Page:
Part (ii) of the question follows part (i) :smile: In part (i) you determined the time constant, and it must be less than 20 μs. One minute is 60 million microseconds, which is much more than 5 times 20 μs. In fact, anything over a tenth of a millisecond is guaranteed to be more than ##5\tau##.
     
  8. Feb 13, 2013 #7
    oic, btw where have i gone wrong for my working?
     
  9. Feb 13, 2013 #8

    cepheid

    User Avatar
    Staff Emeritus
    Science Advisor
    Gold Member

    Agreed, except for this part. It should say, "which is much more than 20 μs", since it is 5τ that equals 20 μs, not τ. Right?
     
  10. Feb 13, 2013 #9

    gneill

    User Avatar

    Staff: Mentor

    I used 5 times 20 μs since 20 μs is a given upper bound for τ (although not a least upper bound) and 5τ is the settling time. But sure, your phrasing is arguably more accurate.
     
  11. Feb 13, 2013 #10

    gneill

    User Avatar

    Staff: Mentor

    You're trying to find ##\tau## such that e-20x10-6 = 0. But the function ##e^{-x}## only approaches zero asymptotically as x goes to infinity. You can't find τ exactly by this method. Use the "excitement's over after 5τ" rule of thumb instead.
     
  12. Feb 13, 2013 #11
    You mean part (i) is actually after 5 time constant already?
     
  13. Feb 13, 2013 #12

    gneill

    User Avatar

    Staff: Mentor

    "(i) Find the R-L time constant τ in μs for the storage phase. Resistor given is 10kΩ"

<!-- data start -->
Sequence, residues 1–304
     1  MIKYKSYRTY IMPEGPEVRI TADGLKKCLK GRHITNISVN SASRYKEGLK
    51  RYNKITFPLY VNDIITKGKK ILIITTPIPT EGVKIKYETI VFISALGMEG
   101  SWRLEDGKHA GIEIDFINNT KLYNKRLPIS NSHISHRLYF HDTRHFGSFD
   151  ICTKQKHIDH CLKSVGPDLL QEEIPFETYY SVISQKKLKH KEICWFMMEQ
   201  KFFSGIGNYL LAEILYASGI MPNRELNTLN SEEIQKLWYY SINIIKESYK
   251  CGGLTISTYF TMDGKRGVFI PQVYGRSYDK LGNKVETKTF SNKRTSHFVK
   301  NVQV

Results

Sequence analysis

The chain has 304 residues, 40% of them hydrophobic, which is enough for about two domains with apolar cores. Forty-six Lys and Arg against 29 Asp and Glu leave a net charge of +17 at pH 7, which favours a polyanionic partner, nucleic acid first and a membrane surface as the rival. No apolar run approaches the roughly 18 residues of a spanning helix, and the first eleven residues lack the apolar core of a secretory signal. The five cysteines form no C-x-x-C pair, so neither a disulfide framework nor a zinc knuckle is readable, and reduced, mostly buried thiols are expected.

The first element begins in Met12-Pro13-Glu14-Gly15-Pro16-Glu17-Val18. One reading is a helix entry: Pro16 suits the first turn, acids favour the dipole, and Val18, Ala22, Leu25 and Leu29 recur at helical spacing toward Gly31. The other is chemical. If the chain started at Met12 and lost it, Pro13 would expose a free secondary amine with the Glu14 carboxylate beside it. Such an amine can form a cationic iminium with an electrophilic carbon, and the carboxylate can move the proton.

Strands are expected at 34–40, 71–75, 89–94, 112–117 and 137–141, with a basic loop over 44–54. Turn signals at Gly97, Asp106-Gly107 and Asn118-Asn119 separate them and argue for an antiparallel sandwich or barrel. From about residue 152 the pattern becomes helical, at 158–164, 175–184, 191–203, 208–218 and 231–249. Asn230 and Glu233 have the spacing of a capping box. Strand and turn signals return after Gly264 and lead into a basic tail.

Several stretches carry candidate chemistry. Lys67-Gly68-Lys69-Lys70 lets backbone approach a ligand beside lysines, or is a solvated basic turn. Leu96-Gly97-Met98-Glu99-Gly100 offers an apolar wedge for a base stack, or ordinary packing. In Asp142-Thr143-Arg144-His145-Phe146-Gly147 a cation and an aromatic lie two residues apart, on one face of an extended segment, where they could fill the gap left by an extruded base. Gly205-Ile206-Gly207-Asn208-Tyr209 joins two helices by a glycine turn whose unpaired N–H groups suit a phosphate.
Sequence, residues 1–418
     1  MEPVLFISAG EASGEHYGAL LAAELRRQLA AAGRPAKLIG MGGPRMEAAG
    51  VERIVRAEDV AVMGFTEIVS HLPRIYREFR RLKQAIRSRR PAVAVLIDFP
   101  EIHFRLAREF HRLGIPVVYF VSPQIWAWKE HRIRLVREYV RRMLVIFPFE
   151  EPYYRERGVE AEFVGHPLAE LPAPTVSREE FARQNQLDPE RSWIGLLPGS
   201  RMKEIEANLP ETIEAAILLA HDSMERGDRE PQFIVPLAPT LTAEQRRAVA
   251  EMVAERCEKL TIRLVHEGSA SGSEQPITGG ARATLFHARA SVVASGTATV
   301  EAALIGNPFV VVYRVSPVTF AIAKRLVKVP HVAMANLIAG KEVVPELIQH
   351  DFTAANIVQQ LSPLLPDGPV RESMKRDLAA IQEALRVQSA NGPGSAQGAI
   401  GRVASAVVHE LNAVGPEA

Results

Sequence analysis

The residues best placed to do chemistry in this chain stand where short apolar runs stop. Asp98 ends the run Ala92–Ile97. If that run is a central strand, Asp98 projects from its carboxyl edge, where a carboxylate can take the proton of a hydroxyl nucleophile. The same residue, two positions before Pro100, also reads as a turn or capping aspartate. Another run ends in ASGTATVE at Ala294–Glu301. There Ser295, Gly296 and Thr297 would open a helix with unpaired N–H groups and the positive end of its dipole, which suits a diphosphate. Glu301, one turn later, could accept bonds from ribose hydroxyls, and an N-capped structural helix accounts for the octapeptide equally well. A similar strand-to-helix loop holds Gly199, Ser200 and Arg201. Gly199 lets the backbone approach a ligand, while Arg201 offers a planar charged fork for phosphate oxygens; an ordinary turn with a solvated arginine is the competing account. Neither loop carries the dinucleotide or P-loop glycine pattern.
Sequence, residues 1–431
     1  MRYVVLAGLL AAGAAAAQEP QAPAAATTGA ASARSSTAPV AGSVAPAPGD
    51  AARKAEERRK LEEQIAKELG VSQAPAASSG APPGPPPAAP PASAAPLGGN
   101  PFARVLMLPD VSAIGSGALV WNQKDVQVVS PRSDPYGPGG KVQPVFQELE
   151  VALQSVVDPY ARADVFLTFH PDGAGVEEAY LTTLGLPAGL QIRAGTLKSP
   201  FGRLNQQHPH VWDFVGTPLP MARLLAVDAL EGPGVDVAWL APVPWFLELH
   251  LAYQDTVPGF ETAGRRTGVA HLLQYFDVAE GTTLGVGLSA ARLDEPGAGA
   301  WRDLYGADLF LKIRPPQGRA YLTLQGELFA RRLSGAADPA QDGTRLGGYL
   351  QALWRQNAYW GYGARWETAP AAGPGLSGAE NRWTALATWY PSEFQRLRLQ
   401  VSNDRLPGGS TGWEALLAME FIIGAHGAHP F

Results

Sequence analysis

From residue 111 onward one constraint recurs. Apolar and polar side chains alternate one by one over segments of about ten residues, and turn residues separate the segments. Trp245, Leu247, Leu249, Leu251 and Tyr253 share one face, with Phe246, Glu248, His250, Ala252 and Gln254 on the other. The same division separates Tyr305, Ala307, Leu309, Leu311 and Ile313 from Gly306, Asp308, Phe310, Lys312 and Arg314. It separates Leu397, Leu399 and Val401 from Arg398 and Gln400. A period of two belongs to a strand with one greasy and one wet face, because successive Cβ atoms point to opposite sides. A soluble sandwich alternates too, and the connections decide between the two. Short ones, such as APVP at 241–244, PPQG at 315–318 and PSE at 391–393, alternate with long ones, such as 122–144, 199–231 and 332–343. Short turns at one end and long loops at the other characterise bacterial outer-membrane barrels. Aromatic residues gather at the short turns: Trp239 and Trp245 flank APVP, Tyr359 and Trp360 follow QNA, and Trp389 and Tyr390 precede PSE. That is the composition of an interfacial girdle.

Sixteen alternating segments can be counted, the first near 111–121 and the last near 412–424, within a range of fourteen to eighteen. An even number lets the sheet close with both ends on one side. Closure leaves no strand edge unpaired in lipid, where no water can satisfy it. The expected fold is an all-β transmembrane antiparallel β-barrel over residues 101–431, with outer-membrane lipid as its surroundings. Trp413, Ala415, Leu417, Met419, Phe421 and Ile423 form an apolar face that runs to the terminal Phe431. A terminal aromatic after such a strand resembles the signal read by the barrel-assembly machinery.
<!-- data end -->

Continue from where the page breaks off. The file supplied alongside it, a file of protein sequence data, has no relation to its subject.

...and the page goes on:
You're told that the current reaches essentially steady state after 20 μs. So τ must be less than 20 μs. In fact, it's about 5 times smaller than 20 μs.
     
  14. Feb 13, 2013 #13
    which part of the question says that the circuit is at steady state?
     
  15. Feb 13, 2013 #14

    gneill

    User Avatar

    Staff: Mentor

    "Suppose the switch is closed at time t=0μs and it was observed that the current iL flowing through the inductor rises to 4mA at time t=20μs and remains at 4mA after t=20μs."
     
  16. Feb 13, 2013 #15
    Ok here's another question. A series RC charging circuit is connected to a voltage source of E = 80V through a switch as sown. Assume there was no charge initially stored in the capactior. Suppose the switch is closed at time =0s and it was observed that the voltage vc across the capacitor, rises to 80v after time t=25millisec.

    For this question, it did not say that remains at xxx after t=xxxx. So how would i know it is after 5 time constant (steady state) ?

    ***Ah ok i understand already, is it because initially there was no charge and since battery is 80v and after 25millisec, it's fully charged hence steady state. ?
     
  17. Feb 13, 2013 #16

    gneill

    User Avatar

    Staff: Mentor

    Because E = 80V and it reached 80V after 25 ms. 80V is as high as it can go; the steady state.
     
  18. Feb 13, 2013 #17
    thanks :)
     
Know someone interested in this topic? Share this thread via Reddit, Google+, Twitter, or Facebook




Similar Discussions: RL transient circuit
  1. RL Circuit (Replies: 10)

  2. RL Circuits (Replies: 1)

  3. RL circuit (Replies: 9)

  4. RL Circuit (Replies: 3)

  5. RL circuit (Replies: 3)

Loading...